Kelly Osbourne: Breaking All The Rules
Ten years after the premiere of The Osbournes, Kelly Osbourne takes us through her transformation from angsty teen rocker to trend setting fashion police. Photographed by Danielle Levitt. Styling by Nicolas Bru and Samantha MaGowan. Makeup by Julianne Kaye. Hair by Marco Berardini. Video by Giorgio Arcelli Fontana.
It’s a sunny day at the Sunset Marquis Hotel in Los Angeles as Kelly Osbourne—daughter of heavy metal icon Ozzy and TV host Sharon Osbourne—relaxes into a leather high-back chair to look back on her life. And while she may only be 27 years old, there’s no doubt Kelly has lived through enough to make her musings last a lifetime.
“I grew up in this hotel,” she says of the Marquis. Since it opened in 1963 in Hollywood’s Alta Loma Road, the hotel has served as a home away from home for generations of actors and A-listers, including everyone from Billy Bob Thornton to Lindsay Lohan.
It’s also home to one of L.A.’s most important music-making havens, NightBird Recording Studio, which has hosted everyone from Aerosmith to Katy Perry. If these walls could talk, they’d tell a history of American rock ‘n’ roll.
“My dad was always recording here, and I lived in villa 2A,” says Osbourne. “When I was about 13 or 14, I would sneak out of my hotel room, climb down a tree and go into the bar in my pajamas and clean the glasses so they would give me Malibu Pineapple,” she says. “If there were an Eloise of this hotel, it’d be me.”
It’s a telling portrait of Kelly as a teenager—devious, unabashed, and reckless—the one we might recall seeing on the MTV reality TV show The Osbournes a decade ago. But Kelly has been busy reinventing herself, and the woman she’s grown into barely shares any resemblance to that kid you remember from TV.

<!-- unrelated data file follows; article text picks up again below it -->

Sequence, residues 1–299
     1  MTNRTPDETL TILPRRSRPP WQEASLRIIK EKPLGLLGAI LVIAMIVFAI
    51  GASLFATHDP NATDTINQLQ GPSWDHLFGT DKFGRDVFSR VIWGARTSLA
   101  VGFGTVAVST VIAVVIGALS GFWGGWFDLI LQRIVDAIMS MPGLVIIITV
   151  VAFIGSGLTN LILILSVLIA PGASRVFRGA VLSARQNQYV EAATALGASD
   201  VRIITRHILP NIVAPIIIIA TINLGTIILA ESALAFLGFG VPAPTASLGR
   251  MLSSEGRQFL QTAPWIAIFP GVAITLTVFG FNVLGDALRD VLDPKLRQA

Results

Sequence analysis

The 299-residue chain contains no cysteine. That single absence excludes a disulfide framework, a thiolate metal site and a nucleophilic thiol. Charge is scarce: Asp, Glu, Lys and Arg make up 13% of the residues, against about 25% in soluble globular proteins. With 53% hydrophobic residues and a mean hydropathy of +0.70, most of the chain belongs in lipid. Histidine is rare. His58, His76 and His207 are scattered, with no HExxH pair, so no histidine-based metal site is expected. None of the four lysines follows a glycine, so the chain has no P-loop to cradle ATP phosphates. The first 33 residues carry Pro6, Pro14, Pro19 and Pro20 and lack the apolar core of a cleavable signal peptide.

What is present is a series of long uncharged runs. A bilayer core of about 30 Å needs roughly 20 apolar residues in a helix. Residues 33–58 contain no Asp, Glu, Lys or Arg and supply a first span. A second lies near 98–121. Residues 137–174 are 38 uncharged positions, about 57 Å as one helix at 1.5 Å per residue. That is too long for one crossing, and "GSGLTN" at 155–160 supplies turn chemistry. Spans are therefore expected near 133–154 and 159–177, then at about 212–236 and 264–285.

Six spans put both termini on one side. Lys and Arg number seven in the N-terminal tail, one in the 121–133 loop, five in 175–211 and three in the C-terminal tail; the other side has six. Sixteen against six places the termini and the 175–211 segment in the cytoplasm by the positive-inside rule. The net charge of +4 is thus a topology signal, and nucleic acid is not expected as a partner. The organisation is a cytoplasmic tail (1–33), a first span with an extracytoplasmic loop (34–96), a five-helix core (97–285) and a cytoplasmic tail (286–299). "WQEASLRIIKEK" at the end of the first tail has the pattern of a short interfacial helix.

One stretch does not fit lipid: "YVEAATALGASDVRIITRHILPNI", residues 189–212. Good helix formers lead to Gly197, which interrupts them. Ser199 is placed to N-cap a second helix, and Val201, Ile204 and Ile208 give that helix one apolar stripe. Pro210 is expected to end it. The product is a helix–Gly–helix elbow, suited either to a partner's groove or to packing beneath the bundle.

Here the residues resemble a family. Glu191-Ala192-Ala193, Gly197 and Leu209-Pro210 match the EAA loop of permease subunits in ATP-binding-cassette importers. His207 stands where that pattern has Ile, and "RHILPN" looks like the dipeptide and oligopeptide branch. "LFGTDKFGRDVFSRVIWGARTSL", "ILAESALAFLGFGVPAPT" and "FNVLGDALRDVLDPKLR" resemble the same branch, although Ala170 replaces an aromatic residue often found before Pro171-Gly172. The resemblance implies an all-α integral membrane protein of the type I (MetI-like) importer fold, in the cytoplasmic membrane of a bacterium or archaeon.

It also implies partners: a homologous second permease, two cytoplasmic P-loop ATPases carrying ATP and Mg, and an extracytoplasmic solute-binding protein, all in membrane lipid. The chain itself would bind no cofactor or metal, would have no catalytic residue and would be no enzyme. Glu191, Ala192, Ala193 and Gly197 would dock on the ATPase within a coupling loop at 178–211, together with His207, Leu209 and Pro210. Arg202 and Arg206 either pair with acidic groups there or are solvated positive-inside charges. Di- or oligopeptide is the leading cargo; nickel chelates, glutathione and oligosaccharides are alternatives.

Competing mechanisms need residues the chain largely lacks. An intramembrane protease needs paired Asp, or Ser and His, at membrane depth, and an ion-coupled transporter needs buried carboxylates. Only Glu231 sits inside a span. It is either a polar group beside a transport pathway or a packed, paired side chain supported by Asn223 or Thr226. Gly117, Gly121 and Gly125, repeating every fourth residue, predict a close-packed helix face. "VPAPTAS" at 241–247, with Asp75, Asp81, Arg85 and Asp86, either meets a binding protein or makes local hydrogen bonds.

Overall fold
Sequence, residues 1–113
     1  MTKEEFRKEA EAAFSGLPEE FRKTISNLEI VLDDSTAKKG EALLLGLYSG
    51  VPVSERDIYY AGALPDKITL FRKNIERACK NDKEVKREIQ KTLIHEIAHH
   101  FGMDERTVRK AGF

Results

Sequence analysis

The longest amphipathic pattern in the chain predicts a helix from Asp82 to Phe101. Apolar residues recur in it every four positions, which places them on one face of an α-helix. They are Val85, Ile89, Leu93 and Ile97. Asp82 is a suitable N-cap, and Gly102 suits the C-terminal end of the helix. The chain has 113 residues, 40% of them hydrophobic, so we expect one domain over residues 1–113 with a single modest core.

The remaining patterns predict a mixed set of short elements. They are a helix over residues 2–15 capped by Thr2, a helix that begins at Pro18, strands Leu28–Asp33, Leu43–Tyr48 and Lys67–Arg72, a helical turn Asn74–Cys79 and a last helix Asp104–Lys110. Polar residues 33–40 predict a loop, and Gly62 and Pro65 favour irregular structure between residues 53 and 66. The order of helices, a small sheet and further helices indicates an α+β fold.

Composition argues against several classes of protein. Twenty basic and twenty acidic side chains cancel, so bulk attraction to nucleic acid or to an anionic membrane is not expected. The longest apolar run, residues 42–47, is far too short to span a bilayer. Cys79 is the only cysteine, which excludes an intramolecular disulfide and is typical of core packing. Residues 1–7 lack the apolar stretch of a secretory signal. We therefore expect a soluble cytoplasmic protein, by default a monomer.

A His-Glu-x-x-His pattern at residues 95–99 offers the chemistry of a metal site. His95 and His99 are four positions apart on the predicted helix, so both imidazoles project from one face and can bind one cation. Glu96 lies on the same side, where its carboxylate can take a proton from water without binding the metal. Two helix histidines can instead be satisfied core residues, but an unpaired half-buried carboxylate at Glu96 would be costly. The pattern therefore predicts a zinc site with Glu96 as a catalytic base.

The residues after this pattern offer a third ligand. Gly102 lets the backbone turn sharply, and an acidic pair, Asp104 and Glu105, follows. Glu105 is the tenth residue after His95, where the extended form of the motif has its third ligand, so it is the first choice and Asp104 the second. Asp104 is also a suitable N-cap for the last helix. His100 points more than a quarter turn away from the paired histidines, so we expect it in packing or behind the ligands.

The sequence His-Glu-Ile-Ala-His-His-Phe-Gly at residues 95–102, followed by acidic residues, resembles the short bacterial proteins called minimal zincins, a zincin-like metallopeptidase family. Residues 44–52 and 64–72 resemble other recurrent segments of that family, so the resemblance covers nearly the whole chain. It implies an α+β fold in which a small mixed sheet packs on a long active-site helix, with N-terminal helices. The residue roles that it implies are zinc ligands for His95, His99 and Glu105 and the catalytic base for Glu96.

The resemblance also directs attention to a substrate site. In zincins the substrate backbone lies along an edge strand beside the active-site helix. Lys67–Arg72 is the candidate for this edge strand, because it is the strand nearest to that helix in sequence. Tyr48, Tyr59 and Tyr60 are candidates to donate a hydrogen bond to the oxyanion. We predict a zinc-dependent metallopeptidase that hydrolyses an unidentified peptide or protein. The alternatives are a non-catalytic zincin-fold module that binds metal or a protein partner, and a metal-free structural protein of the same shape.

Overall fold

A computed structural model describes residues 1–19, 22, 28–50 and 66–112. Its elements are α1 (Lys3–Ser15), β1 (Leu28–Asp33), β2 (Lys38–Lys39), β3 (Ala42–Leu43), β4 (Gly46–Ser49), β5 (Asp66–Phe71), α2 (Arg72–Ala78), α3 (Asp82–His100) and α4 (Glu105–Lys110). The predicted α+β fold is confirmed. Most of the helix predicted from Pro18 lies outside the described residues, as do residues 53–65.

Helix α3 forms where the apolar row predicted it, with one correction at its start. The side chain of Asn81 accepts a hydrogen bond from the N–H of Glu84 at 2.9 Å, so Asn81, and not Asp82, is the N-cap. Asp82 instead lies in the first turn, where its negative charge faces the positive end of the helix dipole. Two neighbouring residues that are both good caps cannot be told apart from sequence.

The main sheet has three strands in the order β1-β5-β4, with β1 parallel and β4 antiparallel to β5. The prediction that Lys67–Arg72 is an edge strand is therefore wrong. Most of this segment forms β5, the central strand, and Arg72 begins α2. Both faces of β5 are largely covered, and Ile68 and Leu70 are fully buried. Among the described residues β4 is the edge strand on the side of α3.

Kelly Osbourne was born in Westminster, just outside London in 1984. She spent much of her childhood traveling the world with Ozzy and the family as he embarked on his solo career. In 1995, the Osbourne family—which included Kelly’s older sister Aimee and their younger brother Jack—moved to Los Angeles. And while mother and father were already well known—he was the metal legend of Black Sabbath and she his formidable manager—the world got their first taste of the rest of the brood in March 5, 2002 when the first episode of the show premiered.
“When we signed up to do The Osbournes I had no idea,” she says. “I just thought, ‘I wanna be on MTV!’” But when the cameras started rolling, they literally didn’t stop. Instead of the produced moments that characterize today’s reality TV shows, The Osbournes was filmed 24 hours a day by four rotating camera crews in two shifts, who documented nearly every aspect of their lives. “It really was like living in the Big Brother house,” she says.
Fearing they had made a massive mistake, the family went out to Venice Beach for a walk the night before the show aired, preparing themselves for the backlash. “The next day, it was the biggest TV show in America and we couldn’t believe it,” she says. Indeed, MTV aired the show 15 times a week during the spring of 2002, and the first season earned the highest ratings in MTV history, winning a Primetime Emmy Award for Outstanding Reality Program.